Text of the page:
Grado "wobble"...?

I've searched the archives for info about this problem, but haven't come up with much. Can anyone please explain what exactly is happening when Grado cartridges wobble, and why they do this?

I bought a Grado green some months back, mostly as an inexpensive way to teach myself how to install a cartridge. (I've been a vinyl fan all my life, but was for years listening to it on a bland B&O linear-tracker.) Since then, I've changed tonearms (from a Thorens TP-16 to an Origin Live RB-250). When I did so, I was finally able to properly align the cartridge using the tool from Turntable Basics--the Thorens arm's fixed mounting holes precluded getting a perfect alignment. But since the change, I've experienced wobbling for the first time. It seems to happen mostly on 12" 45 RPM UK pressings from the 1980s, for whatever strange reason. I can see the entire cartridge body shake laterally, and sometimes the stylus will actually skip out of a groove.

Since this cartridge was basically intended as a throwaway, this is probably a good kick in the pants to get the new one I've been planning on, but can anyone shed some light on this phenomenon? Do the wood-bodied Grados wobble as well?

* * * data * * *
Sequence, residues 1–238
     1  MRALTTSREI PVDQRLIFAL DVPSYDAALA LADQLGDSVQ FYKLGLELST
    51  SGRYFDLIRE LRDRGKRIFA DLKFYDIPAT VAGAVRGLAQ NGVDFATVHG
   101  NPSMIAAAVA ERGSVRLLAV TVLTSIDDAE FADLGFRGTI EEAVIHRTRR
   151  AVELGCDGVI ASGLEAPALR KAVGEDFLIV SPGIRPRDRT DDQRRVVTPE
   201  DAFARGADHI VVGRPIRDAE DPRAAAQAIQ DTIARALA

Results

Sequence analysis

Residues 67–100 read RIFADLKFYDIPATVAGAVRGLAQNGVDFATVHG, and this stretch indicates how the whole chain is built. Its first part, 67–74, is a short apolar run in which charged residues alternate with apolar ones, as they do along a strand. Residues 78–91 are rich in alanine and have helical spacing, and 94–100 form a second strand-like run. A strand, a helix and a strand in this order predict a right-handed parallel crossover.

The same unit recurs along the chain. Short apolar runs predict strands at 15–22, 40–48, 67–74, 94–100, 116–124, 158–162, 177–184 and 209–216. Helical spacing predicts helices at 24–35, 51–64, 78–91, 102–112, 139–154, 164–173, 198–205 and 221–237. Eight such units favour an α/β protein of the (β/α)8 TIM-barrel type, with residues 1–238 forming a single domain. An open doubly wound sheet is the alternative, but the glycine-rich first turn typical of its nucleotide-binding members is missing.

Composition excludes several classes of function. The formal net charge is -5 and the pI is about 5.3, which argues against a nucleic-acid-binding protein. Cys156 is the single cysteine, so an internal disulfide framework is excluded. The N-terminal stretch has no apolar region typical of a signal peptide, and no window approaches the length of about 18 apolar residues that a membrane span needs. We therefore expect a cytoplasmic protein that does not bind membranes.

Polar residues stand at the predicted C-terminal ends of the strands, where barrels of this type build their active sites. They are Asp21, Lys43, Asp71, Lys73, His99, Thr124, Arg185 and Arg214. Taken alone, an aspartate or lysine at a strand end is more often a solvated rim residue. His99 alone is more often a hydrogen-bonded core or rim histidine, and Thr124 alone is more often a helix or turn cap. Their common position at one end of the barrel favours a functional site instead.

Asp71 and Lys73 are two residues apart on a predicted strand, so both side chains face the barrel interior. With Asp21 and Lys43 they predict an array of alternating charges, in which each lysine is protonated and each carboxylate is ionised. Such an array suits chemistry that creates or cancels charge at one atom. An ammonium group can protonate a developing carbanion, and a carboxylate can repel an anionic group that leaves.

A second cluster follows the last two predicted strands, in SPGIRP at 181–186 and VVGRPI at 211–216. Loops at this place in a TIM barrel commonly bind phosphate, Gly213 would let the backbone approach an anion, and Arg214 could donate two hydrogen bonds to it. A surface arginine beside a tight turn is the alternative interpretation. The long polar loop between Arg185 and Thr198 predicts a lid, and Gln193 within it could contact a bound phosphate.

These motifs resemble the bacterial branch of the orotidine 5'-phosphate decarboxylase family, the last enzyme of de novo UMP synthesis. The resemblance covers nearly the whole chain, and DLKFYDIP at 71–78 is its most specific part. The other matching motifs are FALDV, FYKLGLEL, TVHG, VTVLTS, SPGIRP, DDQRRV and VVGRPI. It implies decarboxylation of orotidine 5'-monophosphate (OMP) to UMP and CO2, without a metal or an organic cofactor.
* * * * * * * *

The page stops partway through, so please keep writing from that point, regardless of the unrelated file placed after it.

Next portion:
Thanks in advance,
Make sure that your tonearm has an effective mass of
12 to 17 grams with optimum performance at 14 grams.

I am no expert but I have owned quite a few Grado's from the Signature 3 to the Sonata!! A great series of cartridges! However, I have had, in all my Grado's two that had the wobble. I cannot explain it but I could not remedy it. It JUST appeared. I understand that it may have somthing to do with the compliance of the cartridge and tonearm.
I have owned four Grados all in all from the Black, Blue, Plat., now a VPI Sonata. In a nutshell, yes the wood bodies wobble as you put it, the only time I have noticed this was with the wood bodied carts., namely the current Sonata. I have it attached to a Rega 250 arm. The only time I observed said phonomena was while playing the HIFI test record, you know the torture tracks, for cartridge compliance. Well the whole body started vibrating laterally, but the stylus never moved. John Grado explained that the Reference/Statement cart.s have just one resonance point above the coils in the "body" of the cart. This is what I saw, as far as what is happening with your playback I do not know. I hope your experience with the Prestige Grado does not effect your decision for a later upgrade, possbily to the Platinum and beyond.